Supplier data management is a task that often seems too big to tackle. When an investor works with hundreds or even thousands of different suppliers, keeping tabs on all of them can range from tedious to impossible.
Managing supplier data serves many critical functions, and improper supplier data management can cost organization more than just time and money. Bad supplier data management can expose the company to legal, reputational, regulatory, and security risks.
Good supplier data is at the heart of any successful supplier management program. Understanding why data is bad and learning how to fix it is a great way to increase productivity while saving time and money.
Consider the following;
It is critical that the data collected correctly describes what it represents. This ranges from misspelling supplier names to inputting incorrect tax ID information. When the sources for supplier data are random emails and old spreadsheets, the entrepreneur bound to have inconsistent information.
Addressing data accuracy is best done by identifying a single source of information. A single source for supplier diversity reporting information should be the supplier themselves, and they should be capturing supplier data via a self-service supplier onboarding portal. This data should be housed in a single area and be accessible to all departments that need it. This makes addressing data anomalies and mistakes far easier.
Incomplete data can and does affect decision-making. When businesses don’t have the same information attribute captured for all suppliers, how can they compare them? Incomplete cost averages can cause their department to lose money; incomplete capability data can mean they’re not making the most out of a great supplier diversity reporting they already work with.
Incomplete data impacts tracking supplier diversity reporting spend, too. Less than 1% of all diverse suppliers have a diversity certification, so finding out diversity information on their own can be next to impossible.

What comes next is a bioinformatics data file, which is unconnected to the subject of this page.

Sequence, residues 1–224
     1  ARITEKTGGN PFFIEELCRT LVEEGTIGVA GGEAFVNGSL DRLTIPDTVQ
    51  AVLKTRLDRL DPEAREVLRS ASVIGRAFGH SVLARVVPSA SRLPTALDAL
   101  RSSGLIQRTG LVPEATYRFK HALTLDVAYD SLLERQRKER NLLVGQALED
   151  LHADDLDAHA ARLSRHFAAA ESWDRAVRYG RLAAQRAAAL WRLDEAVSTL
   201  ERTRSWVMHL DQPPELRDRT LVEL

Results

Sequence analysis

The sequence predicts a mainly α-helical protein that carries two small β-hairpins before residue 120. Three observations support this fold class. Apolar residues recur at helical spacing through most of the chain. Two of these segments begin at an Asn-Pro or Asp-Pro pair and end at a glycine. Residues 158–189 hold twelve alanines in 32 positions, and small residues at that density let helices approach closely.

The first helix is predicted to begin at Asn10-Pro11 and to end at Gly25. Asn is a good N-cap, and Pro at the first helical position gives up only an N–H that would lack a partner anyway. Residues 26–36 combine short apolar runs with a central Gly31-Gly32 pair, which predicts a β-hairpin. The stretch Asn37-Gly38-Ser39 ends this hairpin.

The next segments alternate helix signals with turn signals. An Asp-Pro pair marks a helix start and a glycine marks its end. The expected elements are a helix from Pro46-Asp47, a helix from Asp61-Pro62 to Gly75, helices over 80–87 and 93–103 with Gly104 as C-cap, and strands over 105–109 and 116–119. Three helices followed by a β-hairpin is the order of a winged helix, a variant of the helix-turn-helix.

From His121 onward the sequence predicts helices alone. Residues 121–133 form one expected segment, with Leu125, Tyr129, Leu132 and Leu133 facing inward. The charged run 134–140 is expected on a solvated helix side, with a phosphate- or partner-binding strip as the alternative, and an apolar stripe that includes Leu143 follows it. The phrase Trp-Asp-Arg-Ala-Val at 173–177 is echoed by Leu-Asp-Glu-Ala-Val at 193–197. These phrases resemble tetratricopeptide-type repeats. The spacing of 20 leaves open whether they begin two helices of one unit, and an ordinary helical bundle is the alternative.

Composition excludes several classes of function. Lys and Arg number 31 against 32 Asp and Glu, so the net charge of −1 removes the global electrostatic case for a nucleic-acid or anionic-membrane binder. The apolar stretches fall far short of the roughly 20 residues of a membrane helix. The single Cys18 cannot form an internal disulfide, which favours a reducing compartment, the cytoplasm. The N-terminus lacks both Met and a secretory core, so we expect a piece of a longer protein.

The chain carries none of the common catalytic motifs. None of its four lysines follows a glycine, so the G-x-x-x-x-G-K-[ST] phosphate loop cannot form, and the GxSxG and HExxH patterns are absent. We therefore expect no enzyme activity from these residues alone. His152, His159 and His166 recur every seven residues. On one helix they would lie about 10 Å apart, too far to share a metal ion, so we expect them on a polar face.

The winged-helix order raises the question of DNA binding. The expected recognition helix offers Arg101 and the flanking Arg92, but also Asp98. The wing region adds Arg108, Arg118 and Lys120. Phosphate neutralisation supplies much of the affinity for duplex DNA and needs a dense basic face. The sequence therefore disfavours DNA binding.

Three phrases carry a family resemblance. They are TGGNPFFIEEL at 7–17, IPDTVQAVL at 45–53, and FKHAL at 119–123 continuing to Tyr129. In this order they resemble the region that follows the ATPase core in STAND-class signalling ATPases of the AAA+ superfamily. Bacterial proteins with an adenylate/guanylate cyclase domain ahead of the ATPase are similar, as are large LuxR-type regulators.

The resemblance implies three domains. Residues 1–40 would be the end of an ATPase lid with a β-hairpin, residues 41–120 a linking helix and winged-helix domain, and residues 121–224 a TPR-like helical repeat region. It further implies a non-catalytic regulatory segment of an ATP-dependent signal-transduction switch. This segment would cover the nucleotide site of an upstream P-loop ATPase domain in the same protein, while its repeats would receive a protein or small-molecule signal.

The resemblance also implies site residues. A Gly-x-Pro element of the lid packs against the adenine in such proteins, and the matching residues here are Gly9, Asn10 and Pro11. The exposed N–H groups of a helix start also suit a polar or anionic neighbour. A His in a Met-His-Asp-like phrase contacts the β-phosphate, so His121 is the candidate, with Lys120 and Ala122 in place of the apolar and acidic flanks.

Data enrichment fills in these gaps—running the data through 300+ commercial and governmental databases can fill in important information and instantly increase the supplier diversity reporting spend without having to source a single new supplier.
Having consistent data across all specific entries for business suppliers sounds a little confusing, but it truly isn’t. Having consistent data means that when an entry is labeled “phone number”, that’s what’s actually listed in that data field, and that data field for a supplier’s phone number is labeled as “phone number” for every supplier.
Data consistency is always achieved by having a single source of supplier data. Data conformity can be addressed by setting specific attributes for specific data entries, and returning an error when those attributes aren’t met. Meaning that if someone enters a phone number where an email address should be, when the information is submitted, an error would be returned for the incorrect entry.
So, a business has got accurate supplier data, but you can’t access it to create the report that the boss wanted on her desk three days ago. What good does all that complete data do when it can’t be accessed at all, let alone quickly?
Accessibility issues range from esoteric filing systems that no one understands to data being completely segmented with access granted to only a few key individuals. What happens when the person who created those filing systems retires, or the people who have access to specific data are out sick? When processes rely on a specific person to be completed, the process is inherently broken.
Using one centralized system for data storage and access eliminates data silos and reliance on individuals. Unfortunately, lots of supplier and data management software platforms come with very few seat licenses and charge heavily for additional seats. This means that access for an entire team, let alone company, is often financially unfeasible. Ensuring everyone who needs access to data can easily obtain it should be a priority when choosing supplier data management software.
Having useful and relevant data about the suppliers reduces time spent scrolling through non-applicable data fields. Relevance may also differ from department to department, so differentiating the supplier diversity reporting data requirements based on supplier type can be helpful.
Asking a tool and die company for information regarding fabric fire safety is irrelevant data collection that not only wastes time when looking for information, but wastes suppliers’ time when they’re onboarding.
Understanding what data is important to what department and grouping relevant data saves search time. Creating different onboarding workflows for your suppliers based on industry, for example, helps guarantee the questions to ask to suppliers are relevant to them and that the data collected is useful and relevant to the business.